Recording and Production News
Peregrine Andrews Uses Orpheus To Record David Tennant For The BBCCambridge, UK: Long-time SADiE user Peregrine Andrews has now added a Prism Sound Orpheus FireWire interface to his equipment list to help tackle recording, digital to analogue conversion and monitoring with 5.1 capabilities.
Renowned for his high-end radio and TV mixing work for clients such as the BBC, Mentorn, Wall to Wall and Falling Tree Productions, Peregrine Andrews operates mainly from his own private studio, Moving Air, which is based in west London.
"I spend about half my time mixing, and occasionally producing, radio (documentaries and drama), and the other half mixing TV (documentaries and comedy)... and the odd film," he says.
"Recently, on the new series of the BBC sitcom Twenty Twelve, I used the Orpheus to record David Tennant's voiceover. I also used it for all the ADR on the new BBC Dickens-style comedy Bleak Old Shop of Stuff. As a straight wire device, I don't really expect the Orpheus to have a 'sound', but the voice recordings I've done where I've plugged the mic straight in have sounded excellent with very little EQ added in the mix."
The Moving Air studio is equipped with SADiE, Nuendo, PMC monitoring and a Smart AV Tango control surface. His reason for buying the unit was to access a high grade DA/AD converter and monitoring controller so that he could replace the old Yamaha O1V desk that had previously been performing that function.
"I mix in the box so I don't need any kind of console in the room," he says. "The Orpheus is three things in one box - Preamp, AD/DA and monitoring controller. Prism Sound loaned me a unit and it worked well, sounded good and looked great, so I decided to buy it. I like its precise volume control of multiple outputs and its ability to derive an independent headphone mix. It's a single box solution and removes any requirement for a separate soundcard, preamp/mixer, volume control etc."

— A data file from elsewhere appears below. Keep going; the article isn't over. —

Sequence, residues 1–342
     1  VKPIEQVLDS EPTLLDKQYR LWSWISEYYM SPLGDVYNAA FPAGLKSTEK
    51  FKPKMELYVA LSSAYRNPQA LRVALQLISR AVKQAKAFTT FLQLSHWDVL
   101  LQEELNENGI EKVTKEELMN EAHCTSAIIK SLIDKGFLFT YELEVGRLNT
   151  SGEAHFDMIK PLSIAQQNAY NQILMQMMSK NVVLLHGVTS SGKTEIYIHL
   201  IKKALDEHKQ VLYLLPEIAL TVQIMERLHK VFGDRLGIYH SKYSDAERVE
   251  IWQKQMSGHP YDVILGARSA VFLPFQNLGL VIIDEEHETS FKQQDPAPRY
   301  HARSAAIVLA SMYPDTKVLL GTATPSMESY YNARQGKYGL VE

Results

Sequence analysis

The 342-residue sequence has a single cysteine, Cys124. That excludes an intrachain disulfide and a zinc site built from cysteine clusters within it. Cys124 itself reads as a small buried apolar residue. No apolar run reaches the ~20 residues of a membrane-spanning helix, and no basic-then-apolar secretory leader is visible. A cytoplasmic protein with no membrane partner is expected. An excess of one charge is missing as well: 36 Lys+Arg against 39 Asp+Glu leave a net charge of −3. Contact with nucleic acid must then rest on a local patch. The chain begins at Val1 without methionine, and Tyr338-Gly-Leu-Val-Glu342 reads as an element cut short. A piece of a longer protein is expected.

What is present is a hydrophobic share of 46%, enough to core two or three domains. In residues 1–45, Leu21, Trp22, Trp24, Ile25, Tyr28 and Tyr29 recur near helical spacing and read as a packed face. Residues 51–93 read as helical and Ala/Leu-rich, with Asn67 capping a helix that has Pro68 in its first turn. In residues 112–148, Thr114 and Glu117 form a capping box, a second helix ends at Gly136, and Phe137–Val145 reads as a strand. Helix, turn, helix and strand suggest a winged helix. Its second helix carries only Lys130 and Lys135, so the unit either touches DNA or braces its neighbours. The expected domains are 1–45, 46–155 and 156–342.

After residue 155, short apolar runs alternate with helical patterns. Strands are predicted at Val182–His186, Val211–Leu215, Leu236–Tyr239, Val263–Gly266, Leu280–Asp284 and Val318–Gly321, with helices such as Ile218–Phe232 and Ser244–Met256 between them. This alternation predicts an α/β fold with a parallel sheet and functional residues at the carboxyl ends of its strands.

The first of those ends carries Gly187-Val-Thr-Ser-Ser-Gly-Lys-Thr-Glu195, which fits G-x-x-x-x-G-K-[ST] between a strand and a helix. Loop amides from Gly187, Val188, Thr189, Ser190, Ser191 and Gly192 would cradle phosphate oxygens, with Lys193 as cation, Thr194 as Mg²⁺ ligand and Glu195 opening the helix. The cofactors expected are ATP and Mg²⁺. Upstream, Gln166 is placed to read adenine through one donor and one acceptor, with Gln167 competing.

Andrews adds that although he had good practical reasons for buying an Orpheus, there were also more sentimental concerns at stake - not least his long association with SADiE, which is now part of the Prism Sound group.
"I've been a SADiE user since 1995 and rely heavily on it to make my business work," he explains. "For precise speech and music editing it's unequalled. The slip function and the trim editor alone make intense speech editing and assembly very fast. A lot of radio now is recorded in stereo by default (e.g. using flash recorders with built-in mics) but sometimes only one leg is really useful. SADiE allows stereo pairs to be split or re-joined in a keystroke. Also, the ability to have multiple EDLs is very useful at the assembly phase of documentary-making."
Given this background, it's no surprise that sentiment played a part in Andrews' buying decision.
"Prism Sound has an excellent reputation - I've never read a bad review and I know, from talking to them, that they design their products using a sensible engineering approach," he says. "I admit I was looking for a way of continuing to invest in Prism Sound/SADiE because it's been a long time since I sent any money their way, yet I use their systems almost daily with fantastic support."
Subscribe to this as an RSS Feed
See Also: News Archive